November 15, 2010 PRINT Bookmark and Share

Thriving Under the Radar

Canisius' Conacher Dominates in Obscurity

by Becky Ebert/CHN Reporter

You're never going to get much publicity playing at Canisius. But Cory Conacher has done wonders in making a name for himself simply through his emergence as a bona fide talent.

Coming off a season where he was named Atlantic Hockey Player of the Year, the senior has 12 points in 10 games, and was named Atlantic Hockey Player for the month of October. In their first game of the season, Canisius beat Western Michigan 5-3, in which Conacher recorded his second career hat trick along with an assist.

To just keep on playing despite obstacles, is par for the course for Conacher.

The Burlington, Ontario, native was diagnosed with Type 1 Diabetes at the age of eight. Conacher, at 5-foot-8, 175-pounds, wears an insulin pump and tests his sugar levels multiple times a day to keep his diabetes under control. The small device, about the size of a deck of cards, allows Cory to keep his blood sugar levels in range without the continuous needlework.

“After finding out,” Conacher said. “I just tried to keep pushing along and live life like any other other kid out there.”

Hockey has played a big role in the everyday lives of Cory and his family. His older brother, younger sister and another younger brother all been on the ice at some point while growing up. Cory’s father, who owns Wave Twin Rinks in Burlington, was the first to put a stick in his hands.

“My Dad played Junior As and got offers from schools, but decided to take the other route and fall in love with my mom,” said Cory. “He went to college in Canada and became an accountant. He bought into a couple rinks in my hometown, so when there is open ice, we all get out there.”

Currently undrafted, Conacher has not only made it a point to graduate from Canisius with a degree in finances, but post notable grades in the classroom. In both his freshman and sophomore year, Cory was named to the Atlantic Hockey Academic All-Conference Team. However, the chance of Conacher receiving an offer from a professional hockey team doesn’t seem like such a stretch.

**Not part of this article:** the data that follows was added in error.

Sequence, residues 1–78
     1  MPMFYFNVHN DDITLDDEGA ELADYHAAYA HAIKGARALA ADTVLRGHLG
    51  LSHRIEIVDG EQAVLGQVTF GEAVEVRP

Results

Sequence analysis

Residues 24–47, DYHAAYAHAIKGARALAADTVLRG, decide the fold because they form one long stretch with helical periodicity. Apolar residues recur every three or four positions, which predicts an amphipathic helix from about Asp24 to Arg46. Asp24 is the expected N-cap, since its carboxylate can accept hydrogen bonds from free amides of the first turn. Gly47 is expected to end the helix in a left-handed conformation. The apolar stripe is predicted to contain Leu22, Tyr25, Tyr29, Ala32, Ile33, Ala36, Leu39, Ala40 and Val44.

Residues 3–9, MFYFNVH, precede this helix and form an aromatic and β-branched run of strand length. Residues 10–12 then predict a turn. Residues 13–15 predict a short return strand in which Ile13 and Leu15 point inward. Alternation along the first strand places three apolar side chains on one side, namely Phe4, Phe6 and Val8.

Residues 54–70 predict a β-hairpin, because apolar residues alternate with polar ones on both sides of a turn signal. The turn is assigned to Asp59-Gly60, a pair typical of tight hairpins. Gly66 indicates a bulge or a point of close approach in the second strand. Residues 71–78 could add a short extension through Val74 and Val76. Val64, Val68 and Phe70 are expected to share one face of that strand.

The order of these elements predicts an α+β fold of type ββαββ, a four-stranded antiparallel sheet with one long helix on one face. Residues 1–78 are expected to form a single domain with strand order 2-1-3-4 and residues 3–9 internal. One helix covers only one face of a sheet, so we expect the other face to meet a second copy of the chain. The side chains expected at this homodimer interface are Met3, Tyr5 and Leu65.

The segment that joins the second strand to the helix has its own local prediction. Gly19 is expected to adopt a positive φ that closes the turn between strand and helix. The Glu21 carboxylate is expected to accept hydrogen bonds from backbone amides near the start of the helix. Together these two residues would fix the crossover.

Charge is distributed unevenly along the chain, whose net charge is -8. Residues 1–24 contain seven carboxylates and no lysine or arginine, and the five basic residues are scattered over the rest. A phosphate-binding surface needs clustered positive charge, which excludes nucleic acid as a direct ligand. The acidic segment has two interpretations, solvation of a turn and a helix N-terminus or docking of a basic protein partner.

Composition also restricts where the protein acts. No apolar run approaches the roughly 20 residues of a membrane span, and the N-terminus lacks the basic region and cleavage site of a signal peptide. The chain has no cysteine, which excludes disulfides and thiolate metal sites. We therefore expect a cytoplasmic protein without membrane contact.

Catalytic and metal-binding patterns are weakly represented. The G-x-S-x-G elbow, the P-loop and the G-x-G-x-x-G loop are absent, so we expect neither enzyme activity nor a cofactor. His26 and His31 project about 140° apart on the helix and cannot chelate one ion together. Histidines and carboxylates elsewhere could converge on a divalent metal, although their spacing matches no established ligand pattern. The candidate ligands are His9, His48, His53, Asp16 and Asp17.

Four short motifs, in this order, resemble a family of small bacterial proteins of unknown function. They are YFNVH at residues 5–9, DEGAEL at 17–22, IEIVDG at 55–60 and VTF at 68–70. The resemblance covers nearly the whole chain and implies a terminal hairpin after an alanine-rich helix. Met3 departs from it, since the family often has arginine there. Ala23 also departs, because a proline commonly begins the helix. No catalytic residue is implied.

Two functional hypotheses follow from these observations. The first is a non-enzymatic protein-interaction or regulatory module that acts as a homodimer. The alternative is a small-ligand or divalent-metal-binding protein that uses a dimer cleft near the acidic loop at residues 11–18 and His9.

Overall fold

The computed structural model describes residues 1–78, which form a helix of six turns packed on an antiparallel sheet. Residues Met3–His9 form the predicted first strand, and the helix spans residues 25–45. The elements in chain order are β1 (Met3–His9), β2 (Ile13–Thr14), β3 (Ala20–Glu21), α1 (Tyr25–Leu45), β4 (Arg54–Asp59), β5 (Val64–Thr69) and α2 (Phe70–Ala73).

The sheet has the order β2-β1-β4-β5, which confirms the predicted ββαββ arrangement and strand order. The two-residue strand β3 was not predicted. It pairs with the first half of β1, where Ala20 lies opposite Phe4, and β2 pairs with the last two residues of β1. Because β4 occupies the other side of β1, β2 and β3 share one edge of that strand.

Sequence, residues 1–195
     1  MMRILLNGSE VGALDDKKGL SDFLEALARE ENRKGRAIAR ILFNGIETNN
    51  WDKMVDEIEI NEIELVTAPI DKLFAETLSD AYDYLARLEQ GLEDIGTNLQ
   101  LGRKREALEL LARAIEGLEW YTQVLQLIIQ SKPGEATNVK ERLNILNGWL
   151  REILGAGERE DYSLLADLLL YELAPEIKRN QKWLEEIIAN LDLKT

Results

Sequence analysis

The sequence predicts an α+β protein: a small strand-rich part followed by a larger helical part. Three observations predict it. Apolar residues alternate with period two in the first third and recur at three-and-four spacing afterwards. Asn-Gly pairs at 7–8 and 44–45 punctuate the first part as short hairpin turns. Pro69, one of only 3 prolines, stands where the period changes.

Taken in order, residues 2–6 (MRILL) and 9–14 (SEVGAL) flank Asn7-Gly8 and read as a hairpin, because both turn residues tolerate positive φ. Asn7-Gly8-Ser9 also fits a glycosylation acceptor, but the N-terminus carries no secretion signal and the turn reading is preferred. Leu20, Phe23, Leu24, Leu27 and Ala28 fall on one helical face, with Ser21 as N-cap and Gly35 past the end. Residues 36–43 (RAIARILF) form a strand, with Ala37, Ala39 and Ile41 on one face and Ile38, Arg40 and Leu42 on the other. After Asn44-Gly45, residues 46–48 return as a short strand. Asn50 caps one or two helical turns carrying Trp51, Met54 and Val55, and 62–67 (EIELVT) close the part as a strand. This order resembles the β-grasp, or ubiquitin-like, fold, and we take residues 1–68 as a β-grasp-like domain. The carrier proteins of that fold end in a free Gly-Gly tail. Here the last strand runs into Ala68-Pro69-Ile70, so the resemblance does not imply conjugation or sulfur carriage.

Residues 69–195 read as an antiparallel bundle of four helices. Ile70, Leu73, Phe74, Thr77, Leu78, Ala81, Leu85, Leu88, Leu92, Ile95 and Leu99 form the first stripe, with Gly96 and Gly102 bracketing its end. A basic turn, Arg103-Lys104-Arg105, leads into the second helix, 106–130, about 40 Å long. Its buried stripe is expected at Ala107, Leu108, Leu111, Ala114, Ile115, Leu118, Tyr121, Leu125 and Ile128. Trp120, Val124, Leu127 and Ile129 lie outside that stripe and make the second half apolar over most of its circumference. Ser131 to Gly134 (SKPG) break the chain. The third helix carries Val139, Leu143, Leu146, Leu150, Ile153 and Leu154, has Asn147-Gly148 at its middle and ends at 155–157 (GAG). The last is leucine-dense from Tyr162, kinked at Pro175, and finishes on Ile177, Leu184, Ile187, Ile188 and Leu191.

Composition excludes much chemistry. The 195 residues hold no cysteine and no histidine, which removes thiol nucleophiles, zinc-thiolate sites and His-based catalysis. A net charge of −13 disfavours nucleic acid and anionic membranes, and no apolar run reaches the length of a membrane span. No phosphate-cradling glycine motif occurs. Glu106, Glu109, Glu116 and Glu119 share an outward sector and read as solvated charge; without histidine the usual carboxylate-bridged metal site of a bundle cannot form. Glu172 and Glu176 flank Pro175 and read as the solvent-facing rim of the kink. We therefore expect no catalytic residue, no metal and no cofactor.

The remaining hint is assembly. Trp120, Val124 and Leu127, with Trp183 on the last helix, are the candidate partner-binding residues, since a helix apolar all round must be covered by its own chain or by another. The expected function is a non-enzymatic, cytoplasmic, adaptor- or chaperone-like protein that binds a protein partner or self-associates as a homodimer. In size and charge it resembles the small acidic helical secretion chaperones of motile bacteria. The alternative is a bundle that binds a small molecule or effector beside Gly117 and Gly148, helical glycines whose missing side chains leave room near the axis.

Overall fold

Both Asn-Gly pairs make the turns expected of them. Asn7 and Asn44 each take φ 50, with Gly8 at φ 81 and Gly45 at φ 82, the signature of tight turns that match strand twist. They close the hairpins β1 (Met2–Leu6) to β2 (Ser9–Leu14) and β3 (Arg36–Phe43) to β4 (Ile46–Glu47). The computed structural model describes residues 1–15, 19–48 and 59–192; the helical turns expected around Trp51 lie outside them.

“There’s been a couple teams looking at me, you get a little stressed thinking about who’s watching you,” said Conacher. “I just have to try and get away from that and think about my game. Hopefully in the end, it will all work out.”

In his freshman year, Conacher recorded 17 points in 20 games and 35 points in 36 games during his sophomore year. It wasn’t until his junior season that Cory lit up the score sheet with 20 goals and 33 assists, making for a total of 53 points in 35 games. Now what could have happened during the offseason to spark such an offensive fire? Well, according to Cory, it’s all because of Canisius head coach, Dave Smith.

“In my freshman and sophomore years, coach realized that I needed to utilize that more. He definitely emphasized on shooting and by getting five to six shots on net, one could squeak in,” said Conacher. “Getting those shots on net has helped my game. I have to thank coach for forcing me to shot the puck more and having great linemates.”

Smith, who joined Canisius in 2005, has since turned around a struggling hockey organization and ended the last two seasons with a record of 15-16-6 and 17-15-5. Along with assisting his players on the ice, Smith makes an effort to keep his team on track inside the classroom and out in the community. By keeping tabs and building relationships with his players, Smith has made it mandatory for every player to become involved in the Buffalo community. Conacher has now been involved with the Buffalo Shamrocks Hockey Club, where he lends hand with the coaching of young players.

A kid who was once cut from a AAA team due to his small stature, Conacher doesn’t think of it as a burden, but rather a motivation to continue improving his strength and quickness. Sure, having your Dad’s ice facility at your leisure is a huge benefit, but to actually have the work ethic off the ice, well, that’s a different story.

Canisius, which has yet to make an appearance at the NCAA tournament, let alone win an AHA title, is optimistic of making this season the first.

“I think we can definitely finish at the top of our league,” said Conacher. “We have enough depth on our team this year and if we keep producing and play strong defense, we can get to that championship at the end of the year and make a statement. We can show people that Atlantic hockey is the real deal and it’s growing.”

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